Basquiat’s Three Delegates (1982) dates from the period that Richard Marshall identifies as the earliest phase of the artist’s career. “From 1980 to late 1982,” says Marshall, who curated the 1992 Basquiat retrospective at the Whitney Museum of American Art, “Basquiat used painterly gestures on canvases, most often depicting skeletal figures and masklike faces that signal his obsession with mortality, and imagery derived from his street existence, such as automobiles, buildings, police, children’s sidewalk games and graffiti.” In this painting, which combines acrylic, oil stick and collage, the trio of faces and surrounding calligraphic marks reflects two of Basquiat’s biggest influences, Jean Dubuffet and Cy Twombly. What is especially striking about this painting, however, is the absence of text (the collection’s other Basquiat, from two years later, Untitled, 1984, displays the artist’s poetic use of found writing). It’s one of the relatively few Basquiats from this period, which poet Rene Ricard characterized as “the happiest time” of the artist’s life, which relies almost exclusively on pictorial means to convey its vision of urban pressure and anguished, totemic visages.
Keith Haring, a close friend of Basquiat’s who similarly first gained fame as a graffiti artist, is represented by a rare early work. This nearly 10-foot-high untitled work dates from 1978, the year that Haring came to New York from Pennsylvania as a scholarship student at the School of Visual Arts (SVA). It was at SVA that year that Haring developed his distinctive style. As he later recalled, “I bought a roll of oak-tag paper and cut it up and put it all over the floor and worked on this whole group of drawings. The first few were abstracts, but then these images started coming. They were humans and animals in different combinations. Then flying saucers were zapping the humans. I remember trying to figure out where this stuff came from, but I have no idea. It just grew into this group of drawings.” What’s exciting about this work is that one can see Haring in these rhythmic sequences of dashes, dots and curves, on the verge of discovering the pictographic vocabulary that would soon be disseminated around the world.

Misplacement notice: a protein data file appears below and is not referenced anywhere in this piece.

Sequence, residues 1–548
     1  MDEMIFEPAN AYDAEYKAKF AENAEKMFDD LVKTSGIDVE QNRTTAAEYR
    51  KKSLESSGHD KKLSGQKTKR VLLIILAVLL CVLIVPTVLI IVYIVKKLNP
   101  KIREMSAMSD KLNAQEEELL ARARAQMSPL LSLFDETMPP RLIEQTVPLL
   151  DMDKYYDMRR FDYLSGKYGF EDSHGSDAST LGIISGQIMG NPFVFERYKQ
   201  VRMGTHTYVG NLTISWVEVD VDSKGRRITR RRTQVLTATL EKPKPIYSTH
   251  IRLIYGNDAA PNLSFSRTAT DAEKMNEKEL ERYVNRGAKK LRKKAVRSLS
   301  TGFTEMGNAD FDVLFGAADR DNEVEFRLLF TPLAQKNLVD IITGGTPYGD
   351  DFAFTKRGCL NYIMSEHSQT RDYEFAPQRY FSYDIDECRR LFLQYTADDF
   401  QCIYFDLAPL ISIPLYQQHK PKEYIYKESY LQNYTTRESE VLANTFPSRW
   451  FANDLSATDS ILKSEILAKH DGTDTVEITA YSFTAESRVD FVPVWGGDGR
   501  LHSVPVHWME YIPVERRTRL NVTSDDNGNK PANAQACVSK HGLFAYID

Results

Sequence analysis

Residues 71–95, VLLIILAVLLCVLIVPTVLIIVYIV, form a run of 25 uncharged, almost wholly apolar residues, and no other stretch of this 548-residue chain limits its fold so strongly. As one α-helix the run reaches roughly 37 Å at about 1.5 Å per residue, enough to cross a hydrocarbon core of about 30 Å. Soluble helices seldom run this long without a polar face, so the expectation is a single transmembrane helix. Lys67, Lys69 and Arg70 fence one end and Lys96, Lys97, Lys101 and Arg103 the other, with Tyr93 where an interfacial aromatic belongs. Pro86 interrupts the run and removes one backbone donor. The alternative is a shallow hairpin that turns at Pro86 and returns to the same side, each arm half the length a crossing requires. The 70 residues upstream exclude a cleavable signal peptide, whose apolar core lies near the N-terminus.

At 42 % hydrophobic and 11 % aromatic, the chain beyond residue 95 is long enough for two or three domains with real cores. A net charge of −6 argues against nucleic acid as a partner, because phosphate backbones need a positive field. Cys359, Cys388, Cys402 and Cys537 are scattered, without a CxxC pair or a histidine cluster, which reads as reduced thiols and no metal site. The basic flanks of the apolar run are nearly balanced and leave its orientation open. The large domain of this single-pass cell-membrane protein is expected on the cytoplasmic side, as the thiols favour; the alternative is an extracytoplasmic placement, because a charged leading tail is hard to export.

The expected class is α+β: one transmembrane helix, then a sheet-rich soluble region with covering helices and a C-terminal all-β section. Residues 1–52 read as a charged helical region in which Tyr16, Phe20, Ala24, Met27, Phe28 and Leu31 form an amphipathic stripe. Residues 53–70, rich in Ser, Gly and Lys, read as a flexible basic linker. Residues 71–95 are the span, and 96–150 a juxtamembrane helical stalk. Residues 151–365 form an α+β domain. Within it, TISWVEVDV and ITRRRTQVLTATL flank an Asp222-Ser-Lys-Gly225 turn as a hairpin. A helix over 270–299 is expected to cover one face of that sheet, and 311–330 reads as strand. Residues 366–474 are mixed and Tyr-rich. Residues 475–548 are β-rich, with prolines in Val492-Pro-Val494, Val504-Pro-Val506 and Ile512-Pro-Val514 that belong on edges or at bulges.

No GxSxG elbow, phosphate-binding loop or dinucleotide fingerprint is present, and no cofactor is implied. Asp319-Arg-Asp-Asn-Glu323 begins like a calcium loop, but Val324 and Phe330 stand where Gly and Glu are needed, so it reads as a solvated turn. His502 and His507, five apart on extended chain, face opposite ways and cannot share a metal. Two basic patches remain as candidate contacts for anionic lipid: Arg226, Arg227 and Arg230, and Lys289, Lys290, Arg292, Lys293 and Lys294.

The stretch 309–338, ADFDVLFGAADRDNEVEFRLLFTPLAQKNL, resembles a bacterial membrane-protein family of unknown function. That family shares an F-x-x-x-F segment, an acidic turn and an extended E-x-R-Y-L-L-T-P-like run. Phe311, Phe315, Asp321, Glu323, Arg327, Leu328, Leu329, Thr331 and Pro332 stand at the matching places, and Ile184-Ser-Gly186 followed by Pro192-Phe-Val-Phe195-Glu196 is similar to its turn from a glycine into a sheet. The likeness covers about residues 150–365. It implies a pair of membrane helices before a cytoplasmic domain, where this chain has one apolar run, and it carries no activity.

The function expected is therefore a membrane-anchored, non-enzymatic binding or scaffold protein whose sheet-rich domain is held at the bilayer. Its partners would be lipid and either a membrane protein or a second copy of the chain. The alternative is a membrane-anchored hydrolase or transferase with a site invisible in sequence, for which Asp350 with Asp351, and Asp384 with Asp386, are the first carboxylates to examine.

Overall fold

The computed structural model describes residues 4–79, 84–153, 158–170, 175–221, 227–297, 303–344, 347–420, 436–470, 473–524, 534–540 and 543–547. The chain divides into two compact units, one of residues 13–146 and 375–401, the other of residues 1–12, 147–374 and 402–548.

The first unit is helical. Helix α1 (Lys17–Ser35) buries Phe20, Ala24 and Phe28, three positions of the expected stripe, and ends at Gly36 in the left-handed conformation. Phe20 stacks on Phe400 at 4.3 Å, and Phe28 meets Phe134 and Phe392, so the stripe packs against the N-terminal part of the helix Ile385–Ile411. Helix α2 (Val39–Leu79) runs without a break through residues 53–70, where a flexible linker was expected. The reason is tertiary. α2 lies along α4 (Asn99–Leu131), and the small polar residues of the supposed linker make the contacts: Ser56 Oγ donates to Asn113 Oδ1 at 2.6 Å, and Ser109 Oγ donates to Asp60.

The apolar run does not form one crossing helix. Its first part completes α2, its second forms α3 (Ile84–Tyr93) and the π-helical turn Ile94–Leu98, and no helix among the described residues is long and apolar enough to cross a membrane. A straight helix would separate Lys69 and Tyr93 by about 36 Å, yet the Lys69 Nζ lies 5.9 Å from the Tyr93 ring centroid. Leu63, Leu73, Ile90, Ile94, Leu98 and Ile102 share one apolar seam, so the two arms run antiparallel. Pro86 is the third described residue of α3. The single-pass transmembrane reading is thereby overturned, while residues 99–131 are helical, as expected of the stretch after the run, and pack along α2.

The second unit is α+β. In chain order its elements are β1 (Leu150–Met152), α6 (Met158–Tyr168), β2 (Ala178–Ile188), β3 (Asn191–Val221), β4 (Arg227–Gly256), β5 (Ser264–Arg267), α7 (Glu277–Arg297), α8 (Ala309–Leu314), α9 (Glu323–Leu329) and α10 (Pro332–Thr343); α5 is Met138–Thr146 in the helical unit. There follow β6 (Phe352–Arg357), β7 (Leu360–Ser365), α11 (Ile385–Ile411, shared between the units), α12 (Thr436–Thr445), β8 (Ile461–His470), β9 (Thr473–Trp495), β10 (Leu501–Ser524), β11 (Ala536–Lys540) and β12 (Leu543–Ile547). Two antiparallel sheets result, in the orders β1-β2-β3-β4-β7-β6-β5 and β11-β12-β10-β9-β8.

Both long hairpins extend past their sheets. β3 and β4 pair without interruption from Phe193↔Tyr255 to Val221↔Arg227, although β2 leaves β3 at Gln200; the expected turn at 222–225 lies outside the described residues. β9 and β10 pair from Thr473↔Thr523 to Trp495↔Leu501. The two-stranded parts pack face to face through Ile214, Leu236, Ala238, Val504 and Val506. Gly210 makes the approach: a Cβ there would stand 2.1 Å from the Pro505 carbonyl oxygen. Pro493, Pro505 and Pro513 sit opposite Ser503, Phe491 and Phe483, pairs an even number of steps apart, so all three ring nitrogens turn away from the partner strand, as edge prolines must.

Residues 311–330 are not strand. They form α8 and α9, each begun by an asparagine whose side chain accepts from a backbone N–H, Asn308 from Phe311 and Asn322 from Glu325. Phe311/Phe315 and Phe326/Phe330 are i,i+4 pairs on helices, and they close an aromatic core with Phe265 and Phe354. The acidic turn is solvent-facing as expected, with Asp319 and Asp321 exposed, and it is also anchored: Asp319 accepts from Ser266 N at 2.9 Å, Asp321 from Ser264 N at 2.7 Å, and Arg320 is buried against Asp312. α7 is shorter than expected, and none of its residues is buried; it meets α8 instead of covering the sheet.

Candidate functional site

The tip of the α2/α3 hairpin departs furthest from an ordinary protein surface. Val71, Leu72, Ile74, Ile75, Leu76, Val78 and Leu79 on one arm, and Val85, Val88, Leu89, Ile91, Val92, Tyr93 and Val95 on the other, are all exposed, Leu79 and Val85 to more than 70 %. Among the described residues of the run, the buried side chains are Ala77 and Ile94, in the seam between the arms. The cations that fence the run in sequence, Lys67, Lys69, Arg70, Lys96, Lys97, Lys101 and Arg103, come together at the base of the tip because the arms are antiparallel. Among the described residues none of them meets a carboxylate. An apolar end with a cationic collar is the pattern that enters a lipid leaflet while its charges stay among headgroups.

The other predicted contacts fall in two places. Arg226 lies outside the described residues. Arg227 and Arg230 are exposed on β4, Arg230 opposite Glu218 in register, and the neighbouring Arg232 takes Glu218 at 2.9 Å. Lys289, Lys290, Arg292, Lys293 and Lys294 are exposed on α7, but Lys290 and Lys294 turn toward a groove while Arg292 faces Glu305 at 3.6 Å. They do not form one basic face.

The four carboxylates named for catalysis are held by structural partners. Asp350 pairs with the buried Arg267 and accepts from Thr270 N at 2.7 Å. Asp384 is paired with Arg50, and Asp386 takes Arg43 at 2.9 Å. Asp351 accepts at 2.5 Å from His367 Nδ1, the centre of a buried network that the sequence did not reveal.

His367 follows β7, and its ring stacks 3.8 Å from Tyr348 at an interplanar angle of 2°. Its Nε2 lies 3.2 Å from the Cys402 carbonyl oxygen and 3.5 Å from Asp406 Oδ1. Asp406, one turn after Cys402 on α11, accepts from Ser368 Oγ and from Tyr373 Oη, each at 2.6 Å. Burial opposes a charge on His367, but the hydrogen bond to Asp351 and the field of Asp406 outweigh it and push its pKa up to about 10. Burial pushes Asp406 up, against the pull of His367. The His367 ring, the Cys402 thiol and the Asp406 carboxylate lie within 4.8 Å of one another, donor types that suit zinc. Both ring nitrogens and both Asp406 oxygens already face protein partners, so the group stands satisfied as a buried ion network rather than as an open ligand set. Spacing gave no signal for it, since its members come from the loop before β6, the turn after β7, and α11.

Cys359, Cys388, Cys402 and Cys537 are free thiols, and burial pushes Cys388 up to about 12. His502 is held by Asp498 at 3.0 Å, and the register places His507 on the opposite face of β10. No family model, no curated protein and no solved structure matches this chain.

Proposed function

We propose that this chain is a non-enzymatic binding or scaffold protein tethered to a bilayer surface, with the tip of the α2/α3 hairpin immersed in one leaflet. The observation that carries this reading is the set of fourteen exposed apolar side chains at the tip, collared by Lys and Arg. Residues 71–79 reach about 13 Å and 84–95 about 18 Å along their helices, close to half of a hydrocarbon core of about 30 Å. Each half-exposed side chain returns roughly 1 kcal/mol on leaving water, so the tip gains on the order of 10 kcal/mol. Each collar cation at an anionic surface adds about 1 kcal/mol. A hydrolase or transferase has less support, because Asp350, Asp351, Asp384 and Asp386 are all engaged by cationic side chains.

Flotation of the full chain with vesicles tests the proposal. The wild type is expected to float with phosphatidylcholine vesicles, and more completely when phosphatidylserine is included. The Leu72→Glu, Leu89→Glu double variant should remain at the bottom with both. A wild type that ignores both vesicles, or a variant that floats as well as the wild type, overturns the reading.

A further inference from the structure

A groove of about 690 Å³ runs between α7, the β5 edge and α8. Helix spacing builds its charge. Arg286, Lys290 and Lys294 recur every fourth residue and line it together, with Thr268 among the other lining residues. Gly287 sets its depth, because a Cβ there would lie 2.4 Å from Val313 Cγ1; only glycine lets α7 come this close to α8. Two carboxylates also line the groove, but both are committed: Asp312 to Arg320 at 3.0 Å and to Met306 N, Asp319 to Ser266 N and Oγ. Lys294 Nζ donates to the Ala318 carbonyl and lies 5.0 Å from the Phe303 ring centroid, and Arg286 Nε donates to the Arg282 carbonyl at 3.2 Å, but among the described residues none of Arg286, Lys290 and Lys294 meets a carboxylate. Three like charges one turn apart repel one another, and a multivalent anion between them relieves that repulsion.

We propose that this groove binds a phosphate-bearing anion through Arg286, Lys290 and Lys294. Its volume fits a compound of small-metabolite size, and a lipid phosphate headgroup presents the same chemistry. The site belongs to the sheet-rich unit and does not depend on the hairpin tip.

While Haring was at SVA, a dozen blocks away another young painter, Donald Baechler, was studying at Cooper Union. Although he initially showed at the same gallery (Tony Shafrazi Gallery) as Haring and favored a raw, intentionally primitive figuration, Baechler’s work is far more involved in traditional painterly issues. Often using found figure drawings, he juxtaposes objects and figures according to an oblique but graphically potent logic, as seen in the untitled 1988 painting in the Cottrell-Lovett collection. In a 2000 interview in Bomb magazine, Baechler spoke about the subjects of his work. “I think that, for me, the head is always a kind of surrogate for a self portrait, and the flowers almost a replacement for the human figure in the painting. I’ve made an almost intentional point of not studying botany or not learning what these flowers are that I’m drawing. I buy flowers at the Korean deli on the corner, but you know, I can barely distinguish between a tulip and a rose, which sounds stupid, but it’s true. For me a flower has this very convenient, almost human dimension, with the head and the stem and the leaves replacing certain body parts.” Another work in the collection, Flower #1 (1993), shows the result of Baechler’s surrogate figuration and his economical graphic sense.